[EDITORIALS]Bush visit is a crucial oneU.S. President George W. Bush will visit South Korea, Japan and China next month. It will be Mr. Bush's first trip to Korea since he became president last January. Summit meetings between South Korea and the United States were held in Washington in March and in Shanghai in October. Mr. Bush's visit is somewhat late, considering the traditional alliance of the two countries and the importance of the situations on the Korean Peninsula.
We hope that this Korea-U.S. summit will bridge the gap between the views of the two countries over South Korea's policy of engagement with North Korea, and will solidify the traditional alliance between the United States and Korea.
Since the Sept. 11 terrorist attacks on New York and Washington, the world has needed the construction of a new international order. Mr. Bush has clarified a doctrine of power-led diplomacy. He said that the United States would eradicate terrorism. Some officials in the Bush administration are insisting that the United States will have to take hard-line policies toward North Korea, Iraq and other countries, if those countries jeopardize American interests. In the midst of the world's attention on the U.S. war against terrorism, President Bush will make a tour of Northeast Asian countries, including South Korea.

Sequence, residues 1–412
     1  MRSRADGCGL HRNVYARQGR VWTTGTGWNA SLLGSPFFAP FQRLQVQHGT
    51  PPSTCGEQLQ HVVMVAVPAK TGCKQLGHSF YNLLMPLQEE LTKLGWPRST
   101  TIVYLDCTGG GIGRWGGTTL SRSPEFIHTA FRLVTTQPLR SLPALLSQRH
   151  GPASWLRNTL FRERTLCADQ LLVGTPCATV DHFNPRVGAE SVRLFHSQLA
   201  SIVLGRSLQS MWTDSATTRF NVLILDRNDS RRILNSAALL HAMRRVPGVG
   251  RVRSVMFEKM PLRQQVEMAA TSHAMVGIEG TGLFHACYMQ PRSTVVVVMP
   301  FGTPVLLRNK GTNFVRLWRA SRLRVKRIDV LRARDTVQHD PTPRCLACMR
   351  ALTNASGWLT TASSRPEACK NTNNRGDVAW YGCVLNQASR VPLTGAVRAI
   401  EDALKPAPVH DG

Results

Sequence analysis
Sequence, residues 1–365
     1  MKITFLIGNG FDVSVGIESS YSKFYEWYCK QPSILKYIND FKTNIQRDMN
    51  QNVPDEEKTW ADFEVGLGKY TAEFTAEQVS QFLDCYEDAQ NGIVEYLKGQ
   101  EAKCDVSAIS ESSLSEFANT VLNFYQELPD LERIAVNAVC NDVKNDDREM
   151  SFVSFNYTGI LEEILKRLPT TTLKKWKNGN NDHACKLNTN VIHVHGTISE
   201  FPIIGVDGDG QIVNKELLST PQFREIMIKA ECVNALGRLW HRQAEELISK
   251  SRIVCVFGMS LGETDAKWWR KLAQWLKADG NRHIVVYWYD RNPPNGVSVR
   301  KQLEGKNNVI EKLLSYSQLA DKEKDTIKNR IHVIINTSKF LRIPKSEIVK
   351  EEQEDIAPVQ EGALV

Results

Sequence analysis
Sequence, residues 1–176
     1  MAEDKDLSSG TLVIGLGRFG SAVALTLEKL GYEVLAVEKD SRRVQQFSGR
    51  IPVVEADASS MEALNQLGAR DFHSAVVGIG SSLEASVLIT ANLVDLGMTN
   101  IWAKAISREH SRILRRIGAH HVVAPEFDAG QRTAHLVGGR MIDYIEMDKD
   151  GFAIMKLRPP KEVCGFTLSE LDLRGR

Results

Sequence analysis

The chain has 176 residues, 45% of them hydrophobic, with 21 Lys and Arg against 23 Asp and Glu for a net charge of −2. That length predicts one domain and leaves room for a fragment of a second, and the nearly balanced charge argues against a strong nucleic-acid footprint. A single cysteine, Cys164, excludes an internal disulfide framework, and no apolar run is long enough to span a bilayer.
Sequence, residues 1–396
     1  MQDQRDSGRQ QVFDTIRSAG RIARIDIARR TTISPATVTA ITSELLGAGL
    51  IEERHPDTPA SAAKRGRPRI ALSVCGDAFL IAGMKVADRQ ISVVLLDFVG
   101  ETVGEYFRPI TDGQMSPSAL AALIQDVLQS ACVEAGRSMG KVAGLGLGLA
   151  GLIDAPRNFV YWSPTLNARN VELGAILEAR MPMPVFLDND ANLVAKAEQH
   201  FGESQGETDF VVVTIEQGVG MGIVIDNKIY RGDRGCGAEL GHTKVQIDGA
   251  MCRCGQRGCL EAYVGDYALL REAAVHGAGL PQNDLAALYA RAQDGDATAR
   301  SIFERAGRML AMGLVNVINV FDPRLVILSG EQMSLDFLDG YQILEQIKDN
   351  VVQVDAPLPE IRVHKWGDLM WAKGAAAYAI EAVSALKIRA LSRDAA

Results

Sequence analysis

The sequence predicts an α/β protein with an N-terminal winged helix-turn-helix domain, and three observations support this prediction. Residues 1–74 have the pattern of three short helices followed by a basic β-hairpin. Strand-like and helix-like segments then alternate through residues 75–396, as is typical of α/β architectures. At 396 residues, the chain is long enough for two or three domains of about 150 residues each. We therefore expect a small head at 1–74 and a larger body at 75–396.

The situation between the United States and North Korea has brought about the cooling of inter-Korean relations. The fact that South Korean President Kim Dae-jung's term of office is coming to an end has also deteriorated inter-Korean relations. There have been no signs of improvement or change in the relations between the United States and North Korea, though resumption of the talks between the two countries were discussed in June.
Accordingly, South Korea and the United States should have heart-to-heart talks when Mr. Bush comes to Seoul. The two countries should fully discuss Washington's policy toward North Korea and its recognition of the situations on the Korean peninsula and Seoul's sunshine policy, and reach an agreement about all of those matters.
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